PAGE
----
ATLANTA — The Patriots’ Julian Edelman was selected as the Super Bowl MVP while helping lift the Patriots to a 13-3 victory over the Los Angeles Rams on Sunday night, apparently becoming the first-ever Jewish player to win the honor.
Edelman was forced to watch only as a spectator a year ago as his disappointed Patriots teammates trudged off the field as Super Bowl losers.
Catch after catch in this one, Tom Brady’s favorite wide receiver helped make them winners again as Edelman had 10 receptions for 141 yards.
The two met at midfield with confetti flying, and embraced for several moments — eyes filled with the tears of champions.
“I’m pretty ecstatic,” Edelman said. “I’m emotionally pooped. I’m physically and emotionally pooped.”
The award apparently made Edelman the first-ever Jewish Super Bowl MVP.
Edelman, one of only a few Jewish players in the league, is certainly the most successful, through his role as Brady’s favorite target. The Brady-to-Edelman connection has been a major part of the Patriots’ dominance in recent years, and the pair have now won three Super Bowls together.
Edelman, 32, also is the most outwardly Jewish NFL player, embracing that side of his identity over time. He has a Jewish father but was not raised in the religion, and through the Patriots front office often would defer on questions about his religion.
Congratulations to @Patriots and the Jewish people’s Mega-mensch Robert Kraft for winning his 6th Super Bowl trophy and to Julian Edelman, a gridiron Maccabee, for winning the MVP trophy.
— Amb. Ron Dermer (@AmbDermer) February 4, 2019
He didn’t establish himself as a standout until the 2013 season. Coincidentally or not, it was during his breakout year that Edelman identified as Jewish in an interview with the NFL Network.
Since then, he has shown his Jewish pride on a number of occasions. In a 2014 game, for instance, he wore a pin featuring the Israeli flag. He has tweeted about Jewish holidays. He even went on a Birthright-style trip to Israel, and has written a children’s book that references modern-day Zionism founder Theodor Herzl. After the Pittsburgh synagogue shooting in the fall that killed 11, he wore special cleats with Hebrew on them to honor the victims.
In a congratulatory tweet, Israel’s Ambassador to the US Ron Dermer hailed Edelman as a “gridiron Maccabee,” a reference to the Jewish warriors from the Hanukkah story.
It was an incredibly satisfying ending to a big-time comeback season for Edelman, a guy considered by Brady to be like a little brother — some teammates even jokingly say they have a “bromance” — and widely regarded as one of the greatest slot receivers in league history.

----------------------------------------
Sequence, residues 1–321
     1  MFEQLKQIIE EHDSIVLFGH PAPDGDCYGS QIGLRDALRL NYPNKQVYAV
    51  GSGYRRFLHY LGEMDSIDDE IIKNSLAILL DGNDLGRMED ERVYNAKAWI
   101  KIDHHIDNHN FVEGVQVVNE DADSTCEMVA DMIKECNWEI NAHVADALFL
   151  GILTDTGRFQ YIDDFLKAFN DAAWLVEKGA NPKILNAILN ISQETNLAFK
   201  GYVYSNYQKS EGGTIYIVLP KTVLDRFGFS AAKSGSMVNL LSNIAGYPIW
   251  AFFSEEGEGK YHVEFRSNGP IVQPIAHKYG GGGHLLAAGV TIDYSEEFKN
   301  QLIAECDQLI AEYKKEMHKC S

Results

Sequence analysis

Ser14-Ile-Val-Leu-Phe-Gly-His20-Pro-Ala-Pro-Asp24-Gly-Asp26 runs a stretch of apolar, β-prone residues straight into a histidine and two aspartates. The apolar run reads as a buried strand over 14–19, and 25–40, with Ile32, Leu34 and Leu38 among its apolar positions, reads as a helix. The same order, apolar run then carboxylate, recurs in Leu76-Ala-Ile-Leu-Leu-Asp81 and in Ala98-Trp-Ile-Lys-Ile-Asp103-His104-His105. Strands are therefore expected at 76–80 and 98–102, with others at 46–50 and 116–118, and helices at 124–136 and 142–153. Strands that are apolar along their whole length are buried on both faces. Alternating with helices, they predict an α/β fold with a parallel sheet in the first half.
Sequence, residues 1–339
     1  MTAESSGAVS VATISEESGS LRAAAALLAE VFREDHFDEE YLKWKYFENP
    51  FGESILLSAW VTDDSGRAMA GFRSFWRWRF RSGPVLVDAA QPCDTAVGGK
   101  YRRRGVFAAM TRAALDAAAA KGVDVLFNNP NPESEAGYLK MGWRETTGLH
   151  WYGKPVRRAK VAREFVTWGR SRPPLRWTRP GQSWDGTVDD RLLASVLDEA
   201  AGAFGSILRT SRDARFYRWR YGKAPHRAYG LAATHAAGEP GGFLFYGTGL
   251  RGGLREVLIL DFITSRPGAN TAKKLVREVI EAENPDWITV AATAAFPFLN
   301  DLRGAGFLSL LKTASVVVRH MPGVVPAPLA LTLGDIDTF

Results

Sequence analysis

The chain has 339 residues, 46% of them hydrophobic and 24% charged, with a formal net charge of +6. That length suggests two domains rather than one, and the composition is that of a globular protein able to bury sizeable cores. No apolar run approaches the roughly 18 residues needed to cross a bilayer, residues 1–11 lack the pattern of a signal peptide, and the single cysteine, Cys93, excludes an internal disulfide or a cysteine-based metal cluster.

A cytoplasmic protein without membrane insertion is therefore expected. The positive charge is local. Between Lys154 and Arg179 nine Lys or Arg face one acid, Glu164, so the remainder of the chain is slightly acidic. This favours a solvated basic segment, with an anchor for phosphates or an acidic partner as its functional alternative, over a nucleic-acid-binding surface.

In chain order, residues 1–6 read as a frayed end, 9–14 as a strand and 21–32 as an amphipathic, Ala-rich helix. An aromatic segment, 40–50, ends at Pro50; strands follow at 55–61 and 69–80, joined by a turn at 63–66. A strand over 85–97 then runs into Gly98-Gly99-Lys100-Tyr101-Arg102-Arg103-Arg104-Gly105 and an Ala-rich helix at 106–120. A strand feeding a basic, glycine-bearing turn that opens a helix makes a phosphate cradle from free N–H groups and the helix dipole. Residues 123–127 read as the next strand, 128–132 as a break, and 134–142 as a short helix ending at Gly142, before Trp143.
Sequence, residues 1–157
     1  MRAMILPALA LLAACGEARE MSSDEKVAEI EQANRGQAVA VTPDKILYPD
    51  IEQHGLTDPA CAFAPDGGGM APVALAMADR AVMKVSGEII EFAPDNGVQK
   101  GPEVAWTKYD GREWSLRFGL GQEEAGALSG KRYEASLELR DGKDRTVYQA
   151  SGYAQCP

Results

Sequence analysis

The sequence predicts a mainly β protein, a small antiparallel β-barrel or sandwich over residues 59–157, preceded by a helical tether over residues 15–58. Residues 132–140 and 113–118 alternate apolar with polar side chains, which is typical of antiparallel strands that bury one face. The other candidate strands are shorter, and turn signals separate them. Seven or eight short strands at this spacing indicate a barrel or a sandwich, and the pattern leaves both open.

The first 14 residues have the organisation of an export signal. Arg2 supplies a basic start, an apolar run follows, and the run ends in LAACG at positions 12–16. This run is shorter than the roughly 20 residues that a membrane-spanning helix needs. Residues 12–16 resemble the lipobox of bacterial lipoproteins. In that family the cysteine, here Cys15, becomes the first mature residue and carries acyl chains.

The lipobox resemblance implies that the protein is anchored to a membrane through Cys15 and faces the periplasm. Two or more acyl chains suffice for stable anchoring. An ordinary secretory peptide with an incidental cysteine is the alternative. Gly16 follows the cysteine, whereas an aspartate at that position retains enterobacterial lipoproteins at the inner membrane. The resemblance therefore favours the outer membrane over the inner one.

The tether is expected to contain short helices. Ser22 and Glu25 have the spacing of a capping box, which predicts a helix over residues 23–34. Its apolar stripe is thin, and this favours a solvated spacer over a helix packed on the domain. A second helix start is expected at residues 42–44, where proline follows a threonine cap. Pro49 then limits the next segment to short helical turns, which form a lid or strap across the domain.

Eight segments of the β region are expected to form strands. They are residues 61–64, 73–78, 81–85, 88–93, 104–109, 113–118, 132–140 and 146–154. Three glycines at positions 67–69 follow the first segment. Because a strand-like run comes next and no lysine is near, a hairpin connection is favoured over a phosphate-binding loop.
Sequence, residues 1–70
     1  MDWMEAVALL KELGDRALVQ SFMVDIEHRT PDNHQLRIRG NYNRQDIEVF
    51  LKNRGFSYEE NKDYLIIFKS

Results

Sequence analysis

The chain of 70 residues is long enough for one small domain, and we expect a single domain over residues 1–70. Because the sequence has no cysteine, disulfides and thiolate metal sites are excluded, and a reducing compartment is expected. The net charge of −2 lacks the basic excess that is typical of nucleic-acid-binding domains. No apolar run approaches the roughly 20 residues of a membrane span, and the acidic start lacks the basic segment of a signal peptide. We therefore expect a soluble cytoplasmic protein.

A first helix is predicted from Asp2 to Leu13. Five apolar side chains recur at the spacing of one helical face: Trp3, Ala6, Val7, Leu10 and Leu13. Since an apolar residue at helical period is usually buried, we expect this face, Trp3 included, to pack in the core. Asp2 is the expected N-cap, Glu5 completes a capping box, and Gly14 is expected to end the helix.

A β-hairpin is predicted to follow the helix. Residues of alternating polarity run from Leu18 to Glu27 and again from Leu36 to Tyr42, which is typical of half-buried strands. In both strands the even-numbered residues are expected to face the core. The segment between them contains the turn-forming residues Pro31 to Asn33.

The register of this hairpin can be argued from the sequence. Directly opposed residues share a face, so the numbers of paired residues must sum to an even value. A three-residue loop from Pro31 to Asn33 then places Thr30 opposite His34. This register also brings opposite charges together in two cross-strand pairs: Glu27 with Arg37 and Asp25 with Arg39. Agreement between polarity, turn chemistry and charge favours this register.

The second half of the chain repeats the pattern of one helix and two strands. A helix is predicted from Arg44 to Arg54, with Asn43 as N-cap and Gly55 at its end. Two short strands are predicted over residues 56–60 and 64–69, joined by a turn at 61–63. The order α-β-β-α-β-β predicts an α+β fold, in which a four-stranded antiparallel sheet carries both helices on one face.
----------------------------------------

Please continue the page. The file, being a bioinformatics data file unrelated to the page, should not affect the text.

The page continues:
And, he was at it again against the Rams.
Reliable and steady. All night long.
Even when things weren’t working early for the Patriots, Edelman kept the offense going and the clock rolling as a safety valve for Brady. He also had a 13-yard grab during the go-ahead touchdown drive with 7 minutes left in the game.
It has been a long journey back to this point for Edelman, who missed all of last season after tearing a knee ligament in New England’s third preseason game.
“You’ve just got to believe,” he said. “Just gotta believe.”
What he did in this Super Bowl was exactly what the Patriots’ offense was missing in last year’s 41-33 loss to Philadelphia.
Edelman was then forced to sit out the first four games of this season for violating the NFL’s policy on performance enhancers.
And, then, it was uncertain as to whether the 32-year-old receiver would be as productive and effective as he had been throughout his career with the Patriots.
Turned out, he was as good as ever.
Edelman finished the regular season with 74 catches and a team-high 850 receiving yards with six touchdowns. He kept it going through New England’s first two playoffs games, hauling in 16 catches for a team-high 247 yards.
The Patriots led the Rams just 3-0 at halftime, but Edelman was a big reason for that. He had seven of his catches for 93 yards in the first two quarters as New England outgained Los Angeles 195-57.
Brady had won four of the MVP awards in the Patriots’ previous five Super Bowl victories.
It seemed only fitting that Edelman walked off the field with this one.
Times of Israel Staff contributed to this report.
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